A sound-alike is a recording intended to imitate the sound of a popular record, the style of a popular recording artist, or a current musical trend; the term also refers to the artists who perform on such recordings. In the voice-over world, it may also refer to those who recreate the voice and vocal mannerisms of a given celebrity's vocal performance. [1]

Sound-alikes are usually made as budget copies or "knockoffs" of popular recordings, since the cost of covering a popular song is usually cheaper than that of licensing the original recording, or to make listeners believe a particular artist is performing a given song, to spare the expense of engaging that artist. Royalties must nonetheless still be paid to the songwriters.

Sound-alike recordings have been used in movie soundtracks and radio and television commercials since their origin, while sound-alike artists have long recorded jingles and other musical material for commercial use. In the 1980s, singer Bette Midler sued over a sound-alike version of her recording of "Do You Wanna Dance" being used in a commercial which sounded too close to the original. In the 1990s, guitarist Carlos Santana sued over a commercial music bed that closely imitated his playing and arranging style.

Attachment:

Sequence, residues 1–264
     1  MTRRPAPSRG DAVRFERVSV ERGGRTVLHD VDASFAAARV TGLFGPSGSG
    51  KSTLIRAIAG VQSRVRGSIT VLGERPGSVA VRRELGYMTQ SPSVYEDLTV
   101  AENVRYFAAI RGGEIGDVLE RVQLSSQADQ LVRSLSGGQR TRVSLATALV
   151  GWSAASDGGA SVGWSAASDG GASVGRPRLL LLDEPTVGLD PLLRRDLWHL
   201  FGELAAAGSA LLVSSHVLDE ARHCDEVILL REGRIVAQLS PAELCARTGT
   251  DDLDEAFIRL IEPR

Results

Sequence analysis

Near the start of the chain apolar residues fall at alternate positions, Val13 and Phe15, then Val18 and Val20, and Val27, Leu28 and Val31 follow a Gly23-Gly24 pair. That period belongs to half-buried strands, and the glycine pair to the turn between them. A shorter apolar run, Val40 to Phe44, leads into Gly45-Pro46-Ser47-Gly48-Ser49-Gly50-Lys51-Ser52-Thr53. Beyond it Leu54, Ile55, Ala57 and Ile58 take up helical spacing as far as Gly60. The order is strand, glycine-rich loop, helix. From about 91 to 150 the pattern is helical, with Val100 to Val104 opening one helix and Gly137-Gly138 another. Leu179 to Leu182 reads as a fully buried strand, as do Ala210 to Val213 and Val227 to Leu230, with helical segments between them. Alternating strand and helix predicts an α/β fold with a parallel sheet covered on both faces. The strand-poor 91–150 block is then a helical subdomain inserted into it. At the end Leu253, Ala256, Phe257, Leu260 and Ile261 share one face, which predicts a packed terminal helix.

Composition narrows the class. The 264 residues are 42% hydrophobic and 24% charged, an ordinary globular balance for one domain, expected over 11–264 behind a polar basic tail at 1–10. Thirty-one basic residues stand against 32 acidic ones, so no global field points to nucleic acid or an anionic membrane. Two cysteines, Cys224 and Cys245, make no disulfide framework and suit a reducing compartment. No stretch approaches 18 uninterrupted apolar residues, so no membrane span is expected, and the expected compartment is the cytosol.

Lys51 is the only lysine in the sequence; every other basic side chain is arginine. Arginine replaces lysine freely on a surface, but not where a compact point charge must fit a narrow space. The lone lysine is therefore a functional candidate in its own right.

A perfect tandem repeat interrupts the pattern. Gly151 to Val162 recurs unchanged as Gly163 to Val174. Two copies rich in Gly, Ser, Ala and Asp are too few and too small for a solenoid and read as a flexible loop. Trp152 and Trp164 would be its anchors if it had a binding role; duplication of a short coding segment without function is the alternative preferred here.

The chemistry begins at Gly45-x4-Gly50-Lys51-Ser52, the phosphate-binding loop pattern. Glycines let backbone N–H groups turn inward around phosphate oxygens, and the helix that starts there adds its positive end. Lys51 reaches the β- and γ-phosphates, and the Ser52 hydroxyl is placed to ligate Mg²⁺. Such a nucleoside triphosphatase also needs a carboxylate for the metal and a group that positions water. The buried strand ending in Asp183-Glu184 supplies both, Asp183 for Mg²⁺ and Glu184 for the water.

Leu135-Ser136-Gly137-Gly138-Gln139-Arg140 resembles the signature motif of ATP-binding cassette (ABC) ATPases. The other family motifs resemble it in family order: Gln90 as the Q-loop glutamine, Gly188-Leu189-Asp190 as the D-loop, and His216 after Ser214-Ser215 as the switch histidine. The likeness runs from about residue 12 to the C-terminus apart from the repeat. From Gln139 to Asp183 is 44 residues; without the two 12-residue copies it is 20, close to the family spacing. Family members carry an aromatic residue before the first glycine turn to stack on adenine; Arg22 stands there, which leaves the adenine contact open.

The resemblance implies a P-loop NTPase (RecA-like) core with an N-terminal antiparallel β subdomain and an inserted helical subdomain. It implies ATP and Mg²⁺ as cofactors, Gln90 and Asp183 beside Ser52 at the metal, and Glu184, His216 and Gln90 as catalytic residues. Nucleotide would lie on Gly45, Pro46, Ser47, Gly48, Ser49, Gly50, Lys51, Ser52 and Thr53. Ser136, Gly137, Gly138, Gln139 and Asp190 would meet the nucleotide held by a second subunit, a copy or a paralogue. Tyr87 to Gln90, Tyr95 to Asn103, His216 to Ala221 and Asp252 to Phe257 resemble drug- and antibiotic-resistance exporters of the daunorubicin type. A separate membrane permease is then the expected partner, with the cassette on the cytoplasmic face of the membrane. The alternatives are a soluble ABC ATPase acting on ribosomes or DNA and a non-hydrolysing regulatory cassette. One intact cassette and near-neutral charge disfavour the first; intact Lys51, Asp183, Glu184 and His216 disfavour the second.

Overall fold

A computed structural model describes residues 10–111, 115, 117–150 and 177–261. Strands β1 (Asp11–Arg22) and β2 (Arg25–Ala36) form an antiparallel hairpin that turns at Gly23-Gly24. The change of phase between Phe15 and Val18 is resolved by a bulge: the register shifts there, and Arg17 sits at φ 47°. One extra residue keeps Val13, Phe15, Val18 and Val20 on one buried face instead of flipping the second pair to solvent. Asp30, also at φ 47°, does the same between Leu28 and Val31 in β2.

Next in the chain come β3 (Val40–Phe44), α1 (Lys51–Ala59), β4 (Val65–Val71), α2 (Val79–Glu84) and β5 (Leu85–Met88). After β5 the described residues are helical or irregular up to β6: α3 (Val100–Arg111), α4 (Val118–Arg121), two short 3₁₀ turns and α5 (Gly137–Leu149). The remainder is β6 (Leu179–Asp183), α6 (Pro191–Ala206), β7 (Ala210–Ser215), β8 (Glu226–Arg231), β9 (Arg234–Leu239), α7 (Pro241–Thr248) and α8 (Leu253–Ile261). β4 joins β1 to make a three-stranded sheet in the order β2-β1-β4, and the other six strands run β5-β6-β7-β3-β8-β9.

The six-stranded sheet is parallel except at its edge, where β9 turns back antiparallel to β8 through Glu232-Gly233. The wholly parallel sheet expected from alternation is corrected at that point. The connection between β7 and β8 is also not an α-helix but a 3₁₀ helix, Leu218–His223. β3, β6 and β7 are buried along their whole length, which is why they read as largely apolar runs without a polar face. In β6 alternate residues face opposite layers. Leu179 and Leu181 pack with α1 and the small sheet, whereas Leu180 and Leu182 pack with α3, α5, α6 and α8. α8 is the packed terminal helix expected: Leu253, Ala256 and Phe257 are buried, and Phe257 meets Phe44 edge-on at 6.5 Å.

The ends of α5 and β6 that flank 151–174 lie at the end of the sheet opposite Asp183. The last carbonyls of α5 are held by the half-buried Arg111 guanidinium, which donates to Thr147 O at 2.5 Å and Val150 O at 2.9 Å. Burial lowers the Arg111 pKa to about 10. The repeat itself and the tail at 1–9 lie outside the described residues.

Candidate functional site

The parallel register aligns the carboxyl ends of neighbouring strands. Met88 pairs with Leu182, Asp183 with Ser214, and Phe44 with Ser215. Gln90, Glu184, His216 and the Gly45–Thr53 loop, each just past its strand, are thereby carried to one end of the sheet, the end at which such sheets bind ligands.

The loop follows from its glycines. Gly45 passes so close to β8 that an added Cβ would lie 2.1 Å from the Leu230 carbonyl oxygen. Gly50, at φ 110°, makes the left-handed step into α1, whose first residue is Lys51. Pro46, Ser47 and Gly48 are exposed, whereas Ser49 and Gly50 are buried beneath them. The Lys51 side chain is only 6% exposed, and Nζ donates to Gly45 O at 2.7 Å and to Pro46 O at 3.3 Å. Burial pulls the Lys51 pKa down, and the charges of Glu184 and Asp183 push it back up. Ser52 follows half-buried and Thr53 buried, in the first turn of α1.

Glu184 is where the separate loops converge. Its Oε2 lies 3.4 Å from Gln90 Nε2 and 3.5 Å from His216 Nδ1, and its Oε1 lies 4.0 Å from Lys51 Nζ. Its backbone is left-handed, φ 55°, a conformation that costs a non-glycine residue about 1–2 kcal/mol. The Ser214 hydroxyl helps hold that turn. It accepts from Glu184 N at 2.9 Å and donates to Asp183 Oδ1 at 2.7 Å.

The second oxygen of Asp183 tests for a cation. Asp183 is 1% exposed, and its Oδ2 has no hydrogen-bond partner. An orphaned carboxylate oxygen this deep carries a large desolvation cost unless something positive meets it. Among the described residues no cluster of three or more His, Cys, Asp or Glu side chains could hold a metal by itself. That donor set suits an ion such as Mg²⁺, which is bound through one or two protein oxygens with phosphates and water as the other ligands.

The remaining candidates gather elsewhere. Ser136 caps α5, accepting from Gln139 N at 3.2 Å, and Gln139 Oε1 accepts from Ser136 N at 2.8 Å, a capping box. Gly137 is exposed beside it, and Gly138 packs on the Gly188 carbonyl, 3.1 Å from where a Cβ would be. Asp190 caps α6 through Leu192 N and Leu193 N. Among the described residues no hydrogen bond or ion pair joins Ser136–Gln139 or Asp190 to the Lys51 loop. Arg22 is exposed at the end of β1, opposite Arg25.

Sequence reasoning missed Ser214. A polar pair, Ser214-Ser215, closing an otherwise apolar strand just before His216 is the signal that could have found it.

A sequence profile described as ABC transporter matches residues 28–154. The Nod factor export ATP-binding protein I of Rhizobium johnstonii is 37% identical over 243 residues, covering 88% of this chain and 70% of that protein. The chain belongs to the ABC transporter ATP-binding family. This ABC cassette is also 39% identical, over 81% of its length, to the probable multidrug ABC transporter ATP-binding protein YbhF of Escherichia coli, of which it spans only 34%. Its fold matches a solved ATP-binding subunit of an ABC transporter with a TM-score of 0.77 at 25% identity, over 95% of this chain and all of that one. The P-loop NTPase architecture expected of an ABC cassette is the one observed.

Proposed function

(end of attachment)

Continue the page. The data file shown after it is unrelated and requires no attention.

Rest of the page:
Sound-alike albums have also long been issued by small record companies, to cash in on the popularity of artists, movies or show tunes from hit plays. Lou Reed began his recording career working for one such company, Pickwick Records, but years later became a star in his own right, as an original performer. Other such companies were Hit Records of Nashville, Tennessee and Embassy Records of the United Kingdom. Bell Records of New York City also issued sound-alike budget records in the 1950s. Madacy Entertainment also releases sound-alike albums under the title The Countdown Singers; Drew's Entertainment currently releases sound-alikes through the name "The Hit Crew."

In 1971, the sound-alike album Top of the Pops, Volume 18 hit No. 1 on the UK album charts.

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  • Sound-alikes may also refer to Homophones. For example, the words to, too, and two are sometimes colloquially termed sound-alikes.

  1. Ciccarelli, Stephanie "Sound Alikes: Not your Average Job Description",, August 9, 2006, accessed February 14, 2011.